It's critical. I'm sure you've told someone to do something and they did something very different than what you wanted. If that happens, delegation is pointless.
You need to make sure you understand each other. If you don't, the results can be comical at best and costly at worst.
In fact, that's how comedians make their living. They play off of misunderstandings. For example, Jerry Seinfeld noted, "My parents didn't want to move to Florida, but they turned sixty and that's the law." Another comic stated, "When I die, I want to die like my grandfather ... who died peacefully in his sleep. Not screaming like all the passengers in his car."
You've got to be extremely specific as to what you want and when you want it.
And then say something like this: "I'm not always sure that I say things as clearly as I should. Could you please tell me what you heard me say?" Don't say "I want to see if you were listening" or "I want to make sure you got it. So repeat back to me what I just told you to do." That could come across as threatening or demeaning. So put the responsibility on yourself and your own communication skills.
When you give specific instructions, include deadlines in your specificity. Without deadlines you really don't have any delegation going on. So if you tell someone you want the task completed by 3:00 p.m. next Friday, you've got a specific deadline. If you say you want something done "right away" or "as soon as possible," you don't have a deadline. Specific dates and times cement instructions in our minds.
5. Establish a follow-up system.
Just because you delegate something doesn't mean it gets done. I'm sure you can think of a time when you gave someone a task to complete in two weeks, and when you went back to them in two weeks to see how things were going they had forgotten the task. Or they just never got around to working on it.
You need to write down when you plan to follow up with the other person.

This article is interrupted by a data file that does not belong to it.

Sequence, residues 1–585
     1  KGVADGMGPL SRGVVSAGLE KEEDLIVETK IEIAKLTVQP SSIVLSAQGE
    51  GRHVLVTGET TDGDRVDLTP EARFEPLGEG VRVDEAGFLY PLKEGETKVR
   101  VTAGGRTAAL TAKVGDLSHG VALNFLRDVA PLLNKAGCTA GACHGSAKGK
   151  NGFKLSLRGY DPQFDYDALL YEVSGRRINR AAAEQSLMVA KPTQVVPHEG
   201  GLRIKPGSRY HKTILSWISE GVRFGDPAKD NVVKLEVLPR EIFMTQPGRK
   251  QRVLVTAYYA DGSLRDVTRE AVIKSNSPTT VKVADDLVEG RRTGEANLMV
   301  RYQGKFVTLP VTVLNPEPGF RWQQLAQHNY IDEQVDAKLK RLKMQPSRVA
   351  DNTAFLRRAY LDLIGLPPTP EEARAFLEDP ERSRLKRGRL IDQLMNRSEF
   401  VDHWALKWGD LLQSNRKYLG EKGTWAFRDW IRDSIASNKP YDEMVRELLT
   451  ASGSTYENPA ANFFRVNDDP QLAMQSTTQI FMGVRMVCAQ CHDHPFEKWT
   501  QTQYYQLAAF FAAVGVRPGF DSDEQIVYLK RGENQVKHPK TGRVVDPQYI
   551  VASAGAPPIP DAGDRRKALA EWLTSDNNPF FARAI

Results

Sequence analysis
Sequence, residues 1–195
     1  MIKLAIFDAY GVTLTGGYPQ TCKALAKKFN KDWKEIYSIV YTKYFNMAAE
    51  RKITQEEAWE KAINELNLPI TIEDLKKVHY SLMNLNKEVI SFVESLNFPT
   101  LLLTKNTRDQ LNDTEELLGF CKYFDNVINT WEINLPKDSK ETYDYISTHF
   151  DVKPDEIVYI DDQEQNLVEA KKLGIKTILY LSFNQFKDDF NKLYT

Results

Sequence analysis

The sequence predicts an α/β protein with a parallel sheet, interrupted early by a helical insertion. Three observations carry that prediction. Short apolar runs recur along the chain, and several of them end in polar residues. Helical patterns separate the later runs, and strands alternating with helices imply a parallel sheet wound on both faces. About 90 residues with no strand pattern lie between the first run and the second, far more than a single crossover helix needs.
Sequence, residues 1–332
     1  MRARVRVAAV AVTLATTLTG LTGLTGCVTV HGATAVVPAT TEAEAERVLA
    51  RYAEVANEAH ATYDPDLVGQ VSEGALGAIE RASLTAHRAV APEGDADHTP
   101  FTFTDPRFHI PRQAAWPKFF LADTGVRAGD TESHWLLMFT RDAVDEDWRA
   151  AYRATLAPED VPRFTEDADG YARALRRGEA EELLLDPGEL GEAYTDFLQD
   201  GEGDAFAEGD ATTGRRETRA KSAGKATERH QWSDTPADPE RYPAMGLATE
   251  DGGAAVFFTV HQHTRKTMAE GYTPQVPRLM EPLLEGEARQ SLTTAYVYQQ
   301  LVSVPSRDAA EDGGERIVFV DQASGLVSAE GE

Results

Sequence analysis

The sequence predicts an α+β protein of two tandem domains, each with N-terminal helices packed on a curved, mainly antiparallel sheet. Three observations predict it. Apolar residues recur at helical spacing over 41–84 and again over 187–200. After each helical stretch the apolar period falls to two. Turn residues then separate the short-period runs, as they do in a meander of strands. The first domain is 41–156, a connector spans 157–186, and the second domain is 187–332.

And when is the best time to follow up? At the beginning of a project. On a two-week project, for example, the best time to follow up is in the first three days so you help the other person overcome project inertia. After all, a body at rest tends to stay at rest, and a body in motion tends to stay in motion.
Finally, to effectively delegate.....
6. Implement a reward system.
Think about it. When someone pours you a cup of coffee, you say "thank you." When someone opens a door for you, you say "thank you." And when someone pours 90 hours into a project, you say "thank you."
I would hope you would do more than that. It's disproportionate. Greater effort requires greater recognition.
The other person deserves more detail. Say something like, "This is really great. You obviously put a lot of time and thought into this." And then go on to compliment some specifics in their work. Let them know how their work made a difference. The more you do this, the more they feel like you really care and the more they will care about the next project they do for you.
As Robert Half, a renowned human resource professional put it, "Delegating work works, provided the one delegating works, too." He's right. And these six steps are the work you have to do when you're delegating.
Which of the six steps in delegation do you most need to improve? What are you going to do about it?